So we did all that, and it’s been non-stop since April 10, what with trips to the lumber and door company, the flooring company, the acoustic ceiling tile company. The paint company, the nails and hinges and doors and trim and tools and miscellaneous stuff companies all made their contributions. A new paint sprayer came without an instruction manual, so the Internet download company did its part too.

I wish I could have connected with the brains company to help me figure out how to set my saw to cut the angles necessary to put in a ceiling cove to fit not just two 45° angles at the corners, but the additional 12° on the low side and minus 12° on the high side of a sloped ceiling with cove strips that themselves are odd to start with—I cut every possible angle on several pieces till I got it right and that’s for only two of the corners. I spent hours. I must be smooth-brained. Maybe I’ll just butt the other pieces together at the corners and fill in with modeling clay.

I now have massive respect for painters. Without the experience, it’s hard to know if your paint is too thick or your nozzle in the spray head is too large or too small. It’s hard to believe that a ceiling that measures 10-1/2 feet one way and 13 the other can soak up a whole gallon of paint! But it did, three times! We used the wrong paint to begin with. Dark, moody, semi-gloss, interesting. But we decided it should be lighter, so we bought another gallon of flat finish. Using a sprayer that made me stand on a ladder to reach the ceiling, I got the coverage very uneven. Used a whole gallon. We went to the paint store for another gallon and a sprayer that had an extension wand. Much better now—I could see from floor level that the paint went on evenly. But I used too big a nozzle so there went another gallon! We ended up with a nice ceiling in spite of my goofs.

Building and installing a whole frame for a door is something else! The last time I did that was several decades ago. Since that time, I have bought and installed whole door systems—the door with all the hardware installed in a frame that you simply plug into your space. Just add a latch mechanism. But doing it à la carte! The hinges have to be inset flush, using a router and/or chisels, the holes must be drilled for the doorknob hardware, all that stuff. It took me a long time fiddling and trying to remember how, but it came out right. And oh yeah, the staining and finishing of the raw wooden door. The solid alder door we bought because it was beautiful is also heavy heavy! Gad. Then there’s the trim. Hammering away at finish nails is not my forte. Being ambidextrous, I can use a hammer with either hand, equally badly. Lotsa divots.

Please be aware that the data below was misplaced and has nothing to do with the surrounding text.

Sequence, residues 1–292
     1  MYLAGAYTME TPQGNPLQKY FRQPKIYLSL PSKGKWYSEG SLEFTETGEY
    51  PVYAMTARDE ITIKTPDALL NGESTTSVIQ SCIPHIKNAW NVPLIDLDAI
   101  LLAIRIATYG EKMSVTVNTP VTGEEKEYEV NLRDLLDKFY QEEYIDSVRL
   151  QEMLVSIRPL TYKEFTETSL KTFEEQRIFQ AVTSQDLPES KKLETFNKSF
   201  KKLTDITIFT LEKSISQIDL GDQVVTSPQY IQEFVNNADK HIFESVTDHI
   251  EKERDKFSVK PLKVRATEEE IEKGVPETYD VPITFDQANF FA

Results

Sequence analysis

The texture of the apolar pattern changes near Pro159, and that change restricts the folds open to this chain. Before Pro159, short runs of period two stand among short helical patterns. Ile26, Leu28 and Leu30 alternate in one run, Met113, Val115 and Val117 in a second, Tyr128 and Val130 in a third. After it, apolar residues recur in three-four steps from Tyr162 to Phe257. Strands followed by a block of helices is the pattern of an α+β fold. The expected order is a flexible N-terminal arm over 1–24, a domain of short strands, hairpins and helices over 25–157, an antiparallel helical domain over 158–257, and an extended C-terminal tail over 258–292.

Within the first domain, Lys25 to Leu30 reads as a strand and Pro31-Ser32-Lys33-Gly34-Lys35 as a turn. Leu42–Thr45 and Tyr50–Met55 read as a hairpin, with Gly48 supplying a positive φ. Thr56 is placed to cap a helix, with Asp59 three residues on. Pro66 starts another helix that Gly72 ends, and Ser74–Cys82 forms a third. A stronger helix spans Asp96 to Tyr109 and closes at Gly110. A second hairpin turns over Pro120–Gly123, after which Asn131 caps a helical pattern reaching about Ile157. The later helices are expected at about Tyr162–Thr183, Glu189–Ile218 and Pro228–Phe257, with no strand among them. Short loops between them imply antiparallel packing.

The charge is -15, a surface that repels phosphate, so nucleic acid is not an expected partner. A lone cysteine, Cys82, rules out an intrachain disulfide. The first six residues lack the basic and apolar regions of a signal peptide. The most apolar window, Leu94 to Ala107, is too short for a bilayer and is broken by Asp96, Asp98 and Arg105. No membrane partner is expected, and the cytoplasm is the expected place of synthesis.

The piano is now in its temporary home. For its permanent space, we’re going to make a dedicated room in our new house to be built a mile down the road, with temperature and humidity control and all that stuff. The inner mechanisms of fine pianos are made from several kinds of wood, all unvarnished, which means they will absorb and emit moisture, and flex when the temperature changes. The hammers are made with fine Merino wool felt so you have to keep moths away. The bass strings are wrapped with pure copper so don’t let them corrode. Hummingbird tongues and hens’ teeth round out the list of exotic materials employed.

Periodic tuning and regulating and balancing are needed. Even the outer ebony-black finish should only be cleaned with knitted cotton that’s dampened with water. Never use furniture polish or wax. And you wipe with the grain, not across. If the inside of the piano gets dust and junk in it, call a professional piano cleaner. Fussy, fussy. But the feeling of playing on such a fine instrument is unsurpassed. The sound reaches out, soaks into and encompasses your soul—you become part of its acoustic aura. There simply is nothing else like it.

A little booklet that came with the piano welcomes us to the Steinway family. We welcome Babe to ours.


I was taking pictures of our new piano for the insurance company tonight, and captured this image of part of the innards. I thought it was good looking, so why not make a blog of it?

We bought a piano recently. With a glass of wine, I strode out to the studio and plunked around on it, inventing chords and melodies that have never been heard in all of musical history. Hopefully, they’ll never be heard again. The insurance company wanted pictures of the piano and its studio. With the sun late in the sky, the best lighting, the “golden moment” was occurring. I wanted to show them the model and serial number and captured this image, part of which is shown.

Steinway makes beautiful instruments. This little closeup shows some of their craftsmanship. It took almost a year on the part of hundreds of craftsmen/women to produce our piano. It is gorgeous and sounds like something that comes straight from Heaven. It just flat out digs into your innermost heart and soul. Nothing sounds like a Steinway. Nothing feels like a Steinway. We love it. We’ve named it Babe.